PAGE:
You’ve gotten your first potential client, and are so excited to get to work designing for them, but you realized that you probably need some sort of contract before you get started.
Or, maybe you’re still wondering if you actually need a freelance graphic design contract?
Or, you’ve had a few clients now, and after dealing with miscommunications, delays, and maybe even missed payments, you’ve decided that it’s time to get a solid contract in place for your future clients so that you can nip those problems in the bud before they even begin.
Either way, we’re so glad you’re here - right on time. But where do you even begin creating a contract for your clients?
When it comes to writing a contract, there are some essential pieces of information that you will need to know in order to include them: Project Requirements, Objectives, Scope of Work, Timelines, Revisions, and Payment Terms.
These pieces of information will come directly from your consultation and conversations with the potential client. What exactly are they looking for, and what are you specifically going to deliver to them at the end of the project? Is there anything that you will not be including in the scope of the project that would be an additional fee? What do you need from the client before you can begin working? The more detailed you can get, the smoother your client relationship will be.
These pieces of information all come from your own policies within your business. How many different milestones will you hit in the project? How long will each milestone take? When can your client expect that the entire project will be complete? How many revisions are they allowed to request, and how do you want them to be requested? What are your policies around late fees, and payment plans? These are just some policies that you should be considering as you go into creating your contracts.
Once you’ve put together all of the important information from your client, and from your own policies, you’ll need to learn exactly what goes into a graphic design contract.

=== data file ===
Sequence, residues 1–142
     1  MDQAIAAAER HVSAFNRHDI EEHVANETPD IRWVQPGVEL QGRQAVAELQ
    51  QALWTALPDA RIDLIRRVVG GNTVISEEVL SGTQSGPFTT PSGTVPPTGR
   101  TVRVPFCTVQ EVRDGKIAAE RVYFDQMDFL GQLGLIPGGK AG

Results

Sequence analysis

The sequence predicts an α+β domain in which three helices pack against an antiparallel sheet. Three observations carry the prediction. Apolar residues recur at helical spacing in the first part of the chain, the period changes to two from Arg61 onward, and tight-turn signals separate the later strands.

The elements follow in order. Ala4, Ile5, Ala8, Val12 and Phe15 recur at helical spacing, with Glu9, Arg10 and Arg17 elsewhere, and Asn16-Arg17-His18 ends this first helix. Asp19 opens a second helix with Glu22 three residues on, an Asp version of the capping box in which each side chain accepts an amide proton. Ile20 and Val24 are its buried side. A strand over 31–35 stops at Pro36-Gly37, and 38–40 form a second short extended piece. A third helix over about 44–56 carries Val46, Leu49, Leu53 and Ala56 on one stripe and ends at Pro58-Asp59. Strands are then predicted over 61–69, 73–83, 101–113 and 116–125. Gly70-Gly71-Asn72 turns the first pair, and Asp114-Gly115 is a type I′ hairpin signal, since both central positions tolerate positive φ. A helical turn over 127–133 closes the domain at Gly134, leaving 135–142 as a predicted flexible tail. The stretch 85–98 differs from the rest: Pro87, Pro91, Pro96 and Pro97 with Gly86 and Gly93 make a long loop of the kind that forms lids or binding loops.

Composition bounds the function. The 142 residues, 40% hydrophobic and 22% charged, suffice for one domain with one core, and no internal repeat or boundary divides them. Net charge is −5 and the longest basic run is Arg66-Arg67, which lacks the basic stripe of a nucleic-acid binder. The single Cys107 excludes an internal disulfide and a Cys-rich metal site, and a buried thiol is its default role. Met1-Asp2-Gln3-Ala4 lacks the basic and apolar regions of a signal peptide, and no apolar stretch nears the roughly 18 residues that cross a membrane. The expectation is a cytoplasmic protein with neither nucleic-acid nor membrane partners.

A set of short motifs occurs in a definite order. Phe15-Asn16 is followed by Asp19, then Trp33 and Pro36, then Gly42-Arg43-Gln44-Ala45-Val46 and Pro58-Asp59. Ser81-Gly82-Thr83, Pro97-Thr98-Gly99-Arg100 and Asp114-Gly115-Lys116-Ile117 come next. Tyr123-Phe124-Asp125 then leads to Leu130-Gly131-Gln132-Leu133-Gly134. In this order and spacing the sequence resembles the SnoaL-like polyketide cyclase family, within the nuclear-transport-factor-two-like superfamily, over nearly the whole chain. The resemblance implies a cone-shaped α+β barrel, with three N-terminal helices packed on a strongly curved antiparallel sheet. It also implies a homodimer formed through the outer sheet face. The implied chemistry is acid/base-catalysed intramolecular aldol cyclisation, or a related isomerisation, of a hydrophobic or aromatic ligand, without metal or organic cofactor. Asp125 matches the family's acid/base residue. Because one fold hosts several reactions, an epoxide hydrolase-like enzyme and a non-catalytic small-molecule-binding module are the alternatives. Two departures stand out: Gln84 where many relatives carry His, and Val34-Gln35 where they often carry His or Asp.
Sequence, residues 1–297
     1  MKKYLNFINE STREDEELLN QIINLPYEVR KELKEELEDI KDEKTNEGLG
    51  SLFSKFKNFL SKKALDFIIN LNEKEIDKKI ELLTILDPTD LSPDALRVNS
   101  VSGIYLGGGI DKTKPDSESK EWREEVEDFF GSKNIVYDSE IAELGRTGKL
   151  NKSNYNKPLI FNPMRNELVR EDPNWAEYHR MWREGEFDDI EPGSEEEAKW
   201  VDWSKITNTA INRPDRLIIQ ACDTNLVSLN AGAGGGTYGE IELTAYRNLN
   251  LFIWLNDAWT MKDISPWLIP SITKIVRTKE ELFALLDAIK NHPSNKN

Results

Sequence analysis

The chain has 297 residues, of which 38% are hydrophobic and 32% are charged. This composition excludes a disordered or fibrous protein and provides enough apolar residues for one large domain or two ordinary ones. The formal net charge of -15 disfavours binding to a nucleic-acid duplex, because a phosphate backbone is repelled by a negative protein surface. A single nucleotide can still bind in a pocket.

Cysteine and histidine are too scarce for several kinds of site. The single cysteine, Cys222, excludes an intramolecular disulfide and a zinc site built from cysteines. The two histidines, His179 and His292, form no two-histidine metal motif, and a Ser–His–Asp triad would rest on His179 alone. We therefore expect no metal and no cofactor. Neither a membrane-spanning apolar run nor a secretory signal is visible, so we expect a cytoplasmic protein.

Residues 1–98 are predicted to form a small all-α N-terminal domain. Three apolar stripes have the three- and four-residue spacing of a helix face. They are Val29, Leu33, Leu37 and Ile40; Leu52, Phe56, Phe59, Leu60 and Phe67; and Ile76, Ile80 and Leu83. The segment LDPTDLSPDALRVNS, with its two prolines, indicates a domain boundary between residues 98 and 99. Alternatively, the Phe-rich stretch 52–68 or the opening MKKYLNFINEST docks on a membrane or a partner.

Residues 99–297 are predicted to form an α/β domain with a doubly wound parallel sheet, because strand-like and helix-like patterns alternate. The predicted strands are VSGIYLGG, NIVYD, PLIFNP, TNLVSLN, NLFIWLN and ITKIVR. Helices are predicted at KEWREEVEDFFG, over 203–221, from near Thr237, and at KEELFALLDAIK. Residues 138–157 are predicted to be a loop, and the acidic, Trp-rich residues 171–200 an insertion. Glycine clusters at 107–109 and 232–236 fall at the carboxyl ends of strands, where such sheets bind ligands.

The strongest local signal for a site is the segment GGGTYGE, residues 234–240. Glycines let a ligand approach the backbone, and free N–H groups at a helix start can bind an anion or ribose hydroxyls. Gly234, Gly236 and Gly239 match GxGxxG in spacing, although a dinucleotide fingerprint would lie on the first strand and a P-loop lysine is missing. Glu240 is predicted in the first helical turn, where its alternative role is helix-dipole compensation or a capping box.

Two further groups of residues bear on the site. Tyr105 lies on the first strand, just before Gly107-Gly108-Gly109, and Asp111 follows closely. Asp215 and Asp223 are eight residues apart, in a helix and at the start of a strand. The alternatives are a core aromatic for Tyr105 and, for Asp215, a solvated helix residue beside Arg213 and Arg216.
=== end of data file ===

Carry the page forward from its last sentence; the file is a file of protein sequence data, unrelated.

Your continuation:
Some clauses you’ll likely want to include would be:
Once you’ve gathered everything you need, and you knowwhat to include in the contract, it’s time to start writing! We recommend that you consult with a lawyer to be sure that your contract is legally binding and that it protects your rights, and the rights of your clients.
Or, if you’d like to skip the work of writing your contract, you can buy one of our lawyer-written designer contract templates. Our contracts allow you to get your contract set up in ten minutes or less. In fact, in the time it took you to read this blog post, you could have already had your contract set up and ready to go!
Amanda Warfield is a simplicity-focused content marketing and launch strategist, author of the book Chasing Simple Marketing, and host of Chasing Simple - a podcast to help creative entrepreneurs uncomplicate their marketing and business. She traded in her classroom lesson plans for speaking and educating creative entrepreneurs on sustainably fitting content marketing into their business, without it taking over their business - so that they have time to grow their business.
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